The Explanation
(for those who require one)

And, of course, that is what all of this is -- all of this: the one song, ever changing, ever reincarnated, that speaks somehow from and to and for that which is ineffable within us and without us, that is both prayer and deliverance, folly and wisdom, that inspires us to dance or smile or simply to go on, senselessly, incomprehensibly, beatifically, in the face of mortality and the truth that our lives are more ill-writ, ill-rhymed and fleeting than any song, except perhaps those songs -- that song, endlesly reincarnated -- born of that truth, be it the moon and June of that truth, or the wordless blue moan, or the rotgut or the elegant poetry of it. That nameless black-hulled ship of Ulysses, that long black train, that Terraplane, that mystery train, that Rocket '88', that Buick 6 -- same journey, same miracle, same end and endlessness."
-- Nick Tosches, Where Dead Voices Gather

Stacks o' Wax #24

Alfred Hitchcock
Music to Be Murdered By
(Imperial Records #9052; 1958)

Sadly, I'm still on the lookout for a decent copy of this one (I believe there is a CD, but I'd rather have trusty old vinyl), but from what I understand it's largely a collection of vaguely menacing mood music. Hitchcock does wry intros for each track, and I've tracked down a couple of those.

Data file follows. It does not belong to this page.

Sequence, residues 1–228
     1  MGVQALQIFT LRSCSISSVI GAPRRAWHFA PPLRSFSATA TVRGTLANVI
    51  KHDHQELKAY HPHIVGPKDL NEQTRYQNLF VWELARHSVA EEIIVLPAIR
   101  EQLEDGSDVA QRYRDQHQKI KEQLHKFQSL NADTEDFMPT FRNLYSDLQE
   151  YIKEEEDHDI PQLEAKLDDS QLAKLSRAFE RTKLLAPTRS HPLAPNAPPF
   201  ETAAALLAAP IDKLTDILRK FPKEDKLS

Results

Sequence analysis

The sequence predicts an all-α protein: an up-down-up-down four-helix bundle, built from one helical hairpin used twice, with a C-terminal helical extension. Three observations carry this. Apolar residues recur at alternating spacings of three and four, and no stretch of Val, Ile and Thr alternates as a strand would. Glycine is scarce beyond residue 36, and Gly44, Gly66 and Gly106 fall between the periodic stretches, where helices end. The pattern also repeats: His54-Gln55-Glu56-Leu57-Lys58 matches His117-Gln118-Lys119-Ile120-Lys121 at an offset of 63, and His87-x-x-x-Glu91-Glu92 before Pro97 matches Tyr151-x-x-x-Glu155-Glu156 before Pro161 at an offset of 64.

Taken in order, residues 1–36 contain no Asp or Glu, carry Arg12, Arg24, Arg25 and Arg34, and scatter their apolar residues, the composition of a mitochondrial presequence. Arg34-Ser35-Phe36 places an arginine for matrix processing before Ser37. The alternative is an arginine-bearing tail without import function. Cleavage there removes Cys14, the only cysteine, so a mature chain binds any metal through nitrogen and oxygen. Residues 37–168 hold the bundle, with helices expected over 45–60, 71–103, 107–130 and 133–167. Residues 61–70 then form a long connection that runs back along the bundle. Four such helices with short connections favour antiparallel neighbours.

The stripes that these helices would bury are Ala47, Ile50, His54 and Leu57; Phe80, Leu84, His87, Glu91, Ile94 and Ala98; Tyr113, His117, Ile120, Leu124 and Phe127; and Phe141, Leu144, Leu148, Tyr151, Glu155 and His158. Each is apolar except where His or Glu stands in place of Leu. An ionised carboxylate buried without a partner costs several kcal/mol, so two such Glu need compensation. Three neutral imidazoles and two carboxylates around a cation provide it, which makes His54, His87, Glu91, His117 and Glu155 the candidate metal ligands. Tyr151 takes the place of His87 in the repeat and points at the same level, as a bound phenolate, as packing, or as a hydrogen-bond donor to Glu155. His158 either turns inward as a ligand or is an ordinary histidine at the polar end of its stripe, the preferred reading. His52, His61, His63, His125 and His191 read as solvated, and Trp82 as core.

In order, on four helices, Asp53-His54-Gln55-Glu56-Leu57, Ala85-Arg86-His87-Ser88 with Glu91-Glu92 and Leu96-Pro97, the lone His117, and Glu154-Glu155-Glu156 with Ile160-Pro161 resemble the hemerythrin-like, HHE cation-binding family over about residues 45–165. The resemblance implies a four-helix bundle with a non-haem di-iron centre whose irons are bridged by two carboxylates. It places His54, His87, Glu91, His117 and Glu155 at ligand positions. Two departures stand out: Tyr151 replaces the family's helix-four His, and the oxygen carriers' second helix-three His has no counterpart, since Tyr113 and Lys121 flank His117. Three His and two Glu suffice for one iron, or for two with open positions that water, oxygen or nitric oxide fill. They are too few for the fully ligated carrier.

Side 1 intro
Side 2 intro

From the liner notes: "These days a murder is amusing for the onlookers and the murderer but no one thinks of making things pleasant for the victim. He may be a tiresome bore but he is still rather essential and is entitled to some consideration. Music, I feel, will heighten his appreciation and make his own murder the truly ennobling experience it should be."


Robert Fiore said...

Do you suppose anyone ever really knew what was going on in that head of his?

Robert Fiore said...

Meaning to say, just to amplify, that the persona is a mask, and it's meant to be a mask, and the mask is impenetrable.

Tom Sutpen said...

I doubt if anyone except Alma Reville Hitchcock knew what made him tick, either as an artist or as a human being. Once he fixed it on himself, the mask rarely, if ever, slipped (though it would seem to on a few occasions).

Hitchcock was in fact so steadfast in the maintenance of that persona over time that I've come to believe its very creation, the sheer willfulness of it, was a critical factor in his own sense of himself as an artist (apart from its spectacularly successful marketing dimension). Other words, he knew he needed whatever cover it gave him in order to survive in that business and accomplish what he did.

Christopher said...

I love it! just stuck the needle in my FLIP side..
the record is long playing..tho you might not be."
How charming.. how delightful..would you like some Tea?..

Loye said...

Just less than a week ago I watched his interview with Tom Snyder from the old Tomorrow Show (the entire interview is on youtube). I highly recommend it to everyone that enjoys this blog.

Lango Aurelian said...
This comment has been removed by the author.
swac said...

Hitchcock expert Drew Casper talks about exactly what Tom says, that the Hitchcock persona was a mask and a shield, which really blossomed once he came to the U.S. and started dealing with U.S. producers, and he realized he'd have to build up a public identity if he wanted the kind of leverage he'd need to make his films his way.